On the conspiratorial spectrum, I probably fall on the side that tends to think if something looks suspicious, there’s a reason for it.

But even I never suspected what Gordon Wittenmyer is implying in his article today about Carlos Zambrano’s performance in the bullpen, and subsequent move back to the rotation.

Even after showing up to camp in excellent shape and pitching well through March, Zambrano probably ranks sixth among the staff’s six would-be starters in knowing what you’ll get when he takes the mound.

Which is part of what made the move to the bullpen the right move at the time. But moving him back to the rotation?

Only Z knows the answer to that. It was a decision made after he struggled and couldn’t get his mind around the new role well enough to adjust — yet all of a sudden he has been dominant since being told he’ll start again.



”It goes to show you, basically, that he’s very capable of doing that particular role,” manager Lou Piniella said over the weekend, stopping short of being critical.

But there was no going back on the return move for Zambrano at that point, not with team officials knowing what everyone else around the team knows: That lights-out pitching isn’t likely to continue if he’s told he has to stay there.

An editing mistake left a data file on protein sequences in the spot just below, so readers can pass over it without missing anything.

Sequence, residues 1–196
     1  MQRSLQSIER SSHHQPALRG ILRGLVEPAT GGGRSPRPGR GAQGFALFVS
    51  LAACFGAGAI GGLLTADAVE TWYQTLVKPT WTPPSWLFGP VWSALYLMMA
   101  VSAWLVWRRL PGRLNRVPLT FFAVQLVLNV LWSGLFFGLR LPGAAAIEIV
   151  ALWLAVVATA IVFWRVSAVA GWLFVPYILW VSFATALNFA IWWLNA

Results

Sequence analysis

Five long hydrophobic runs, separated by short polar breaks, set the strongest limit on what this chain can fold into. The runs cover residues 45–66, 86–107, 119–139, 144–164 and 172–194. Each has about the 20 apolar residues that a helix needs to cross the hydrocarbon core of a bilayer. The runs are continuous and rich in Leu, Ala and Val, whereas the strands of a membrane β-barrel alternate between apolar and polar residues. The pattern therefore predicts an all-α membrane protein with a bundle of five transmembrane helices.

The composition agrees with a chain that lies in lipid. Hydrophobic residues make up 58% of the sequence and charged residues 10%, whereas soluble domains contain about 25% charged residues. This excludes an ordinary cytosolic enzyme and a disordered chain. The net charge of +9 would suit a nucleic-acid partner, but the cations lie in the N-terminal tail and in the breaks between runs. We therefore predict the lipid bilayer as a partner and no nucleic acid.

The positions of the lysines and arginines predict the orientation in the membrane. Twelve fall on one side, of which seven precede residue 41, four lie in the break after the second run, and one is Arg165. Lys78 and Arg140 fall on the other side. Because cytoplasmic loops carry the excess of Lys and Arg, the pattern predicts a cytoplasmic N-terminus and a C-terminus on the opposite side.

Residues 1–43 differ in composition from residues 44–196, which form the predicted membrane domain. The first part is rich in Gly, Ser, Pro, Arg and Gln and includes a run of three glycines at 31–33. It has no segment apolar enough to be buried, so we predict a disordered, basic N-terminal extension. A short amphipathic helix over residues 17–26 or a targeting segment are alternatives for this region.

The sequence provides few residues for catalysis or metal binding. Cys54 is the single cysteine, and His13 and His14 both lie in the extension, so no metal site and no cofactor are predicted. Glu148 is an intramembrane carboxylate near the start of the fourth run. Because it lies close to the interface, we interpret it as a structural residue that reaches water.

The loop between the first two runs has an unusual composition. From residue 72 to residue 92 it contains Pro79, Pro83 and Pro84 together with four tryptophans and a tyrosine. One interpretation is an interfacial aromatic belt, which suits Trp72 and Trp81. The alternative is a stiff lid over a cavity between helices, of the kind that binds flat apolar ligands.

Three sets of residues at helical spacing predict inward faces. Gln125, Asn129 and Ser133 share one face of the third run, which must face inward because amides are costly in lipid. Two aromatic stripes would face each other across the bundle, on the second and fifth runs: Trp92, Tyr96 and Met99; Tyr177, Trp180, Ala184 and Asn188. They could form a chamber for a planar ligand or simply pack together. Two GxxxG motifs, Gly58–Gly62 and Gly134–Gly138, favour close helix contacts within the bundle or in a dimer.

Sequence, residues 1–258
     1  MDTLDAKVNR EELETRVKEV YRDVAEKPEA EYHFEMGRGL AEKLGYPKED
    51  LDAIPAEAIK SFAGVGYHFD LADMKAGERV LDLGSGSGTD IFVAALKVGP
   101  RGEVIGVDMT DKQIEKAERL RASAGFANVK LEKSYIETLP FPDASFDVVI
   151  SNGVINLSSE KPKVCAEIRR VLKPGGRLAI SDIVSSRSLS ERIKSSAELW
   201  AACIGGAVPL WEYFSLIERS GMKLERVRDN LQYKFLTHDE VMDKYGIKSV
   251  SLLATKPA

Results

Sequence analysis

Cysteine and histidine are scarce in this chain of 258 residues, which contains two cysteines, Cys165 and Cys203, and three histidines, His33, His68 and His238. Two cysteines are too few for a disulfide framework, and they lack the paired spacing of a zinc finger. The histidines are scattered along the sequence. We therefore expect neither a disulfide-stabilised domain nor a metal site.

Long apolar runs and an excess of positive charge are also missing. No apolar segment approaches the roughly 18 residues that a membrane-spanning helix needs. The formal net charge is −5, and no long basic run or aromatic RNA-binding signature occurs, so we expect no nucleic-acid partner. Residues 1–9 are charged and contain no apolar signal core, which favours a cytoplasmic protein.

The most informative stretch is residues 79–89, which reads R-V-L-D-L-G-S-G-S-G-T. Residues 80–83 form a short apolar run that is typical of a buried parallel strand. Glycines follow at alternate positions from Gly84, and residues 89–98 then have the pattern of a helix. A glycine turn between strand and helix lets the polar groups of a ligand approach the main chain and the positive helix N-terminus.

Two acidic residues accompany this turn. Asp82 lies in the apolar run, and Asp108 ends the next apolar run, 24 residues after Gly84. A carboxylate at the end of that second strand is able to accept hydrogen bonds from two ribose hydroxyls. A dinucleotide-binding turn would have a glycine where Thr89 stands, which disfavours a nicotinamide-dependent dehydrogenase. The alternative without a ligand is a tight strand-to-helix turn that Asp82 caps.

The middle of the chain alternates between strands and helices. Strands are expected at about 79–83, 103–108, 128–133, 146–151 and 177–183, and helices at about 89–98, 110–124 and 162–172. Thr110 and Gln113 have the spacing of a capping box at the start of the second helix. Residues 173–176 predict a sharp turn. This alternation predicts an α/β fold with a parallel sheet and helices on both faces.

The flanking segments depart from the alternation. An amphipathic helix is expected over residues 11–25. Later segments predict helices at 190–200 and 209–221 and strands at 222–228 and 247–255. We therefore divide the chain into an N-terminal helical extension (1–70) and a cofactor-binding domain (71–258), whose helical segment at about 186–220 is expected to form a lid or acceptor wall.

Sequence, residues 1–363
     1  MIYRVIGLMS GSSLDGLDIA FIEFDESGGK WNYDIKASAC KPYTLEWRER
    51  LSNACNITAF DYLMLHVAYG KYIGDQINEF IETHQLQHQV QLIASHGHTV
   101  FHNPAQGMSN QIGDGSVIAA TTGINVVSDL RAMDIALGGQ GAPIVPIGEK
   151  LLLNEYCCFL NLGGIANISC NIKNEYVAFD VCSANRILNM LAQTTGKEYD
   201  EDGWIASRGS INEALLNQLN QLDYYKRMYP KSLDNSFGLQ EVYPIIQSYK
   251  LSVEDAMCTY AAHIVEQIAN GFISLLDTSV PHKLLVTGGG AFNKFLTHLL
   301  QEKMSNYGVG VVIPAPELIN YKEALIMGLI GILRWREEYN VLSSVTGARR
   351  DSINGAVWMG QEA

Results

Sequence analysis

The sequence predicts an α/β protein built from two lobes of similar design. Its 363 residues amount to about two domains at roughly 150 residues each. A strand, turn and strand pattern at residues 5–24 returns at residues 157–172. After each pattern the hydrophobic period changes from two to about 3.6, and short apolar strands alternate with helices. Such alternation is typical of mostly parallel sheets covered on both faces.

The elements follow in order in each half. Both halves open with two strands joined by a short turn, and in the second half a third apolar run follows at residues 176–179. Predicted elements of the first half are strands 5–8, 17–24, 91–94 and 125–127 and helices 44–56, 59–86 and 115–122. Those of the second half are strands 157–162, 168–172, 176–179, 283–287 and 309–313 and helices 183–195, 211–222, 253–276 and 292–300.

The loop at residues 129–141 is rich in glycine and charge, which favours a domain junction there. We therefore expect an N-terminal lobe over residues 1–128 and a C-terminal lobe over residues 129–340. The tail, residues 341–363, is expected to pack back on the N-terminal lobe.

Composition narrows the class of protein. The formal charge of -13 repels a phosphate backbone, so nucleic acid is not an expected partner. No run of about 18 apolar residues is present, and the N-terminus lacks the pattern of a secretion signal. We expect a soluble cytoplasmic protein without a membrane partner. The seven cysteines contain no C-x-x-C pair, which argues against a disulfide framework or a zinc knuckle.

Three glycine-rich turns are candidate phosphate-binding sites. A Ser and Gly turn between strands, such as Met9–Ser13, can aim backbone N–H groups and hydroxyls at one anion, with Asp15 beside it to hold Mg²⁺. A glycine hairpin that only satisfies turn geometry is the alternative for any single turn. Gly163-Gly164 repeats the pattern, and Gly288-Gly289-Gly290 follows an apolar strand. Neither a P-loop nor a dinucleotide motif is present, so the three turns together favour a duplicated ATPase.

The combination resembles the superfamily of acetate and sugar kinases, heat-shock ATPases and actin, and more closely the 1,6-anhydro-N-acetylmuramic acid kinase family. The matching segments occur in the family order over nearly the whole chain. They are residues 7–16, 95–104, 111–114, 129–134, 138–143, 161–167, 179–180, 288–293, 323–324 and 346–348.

Did you catch that? It wasn’t terribly subtle, so I imagine you did. Wittenmyer is suggesting that Zambrano – whether consciously or unconsciously – sabotaged his own performance in the bullpen so that he could “earn” a trip back to the rotation.



I’ll concede that the recent evidence at least points in that direction: after the decision to move him back to the rotation was made, Zambrano looked like the 8th inning pitcher he was supposed to be.

But I simply can’t believe Zambrano – yes, even Zambrano – would pull a stunt like that. That said, Wittenmyer implies that he’s got inside knowledge, associating his theory with “everyone else around the team.”

If true, this makes an already jacked-up situation a really, really jacked-up situation.


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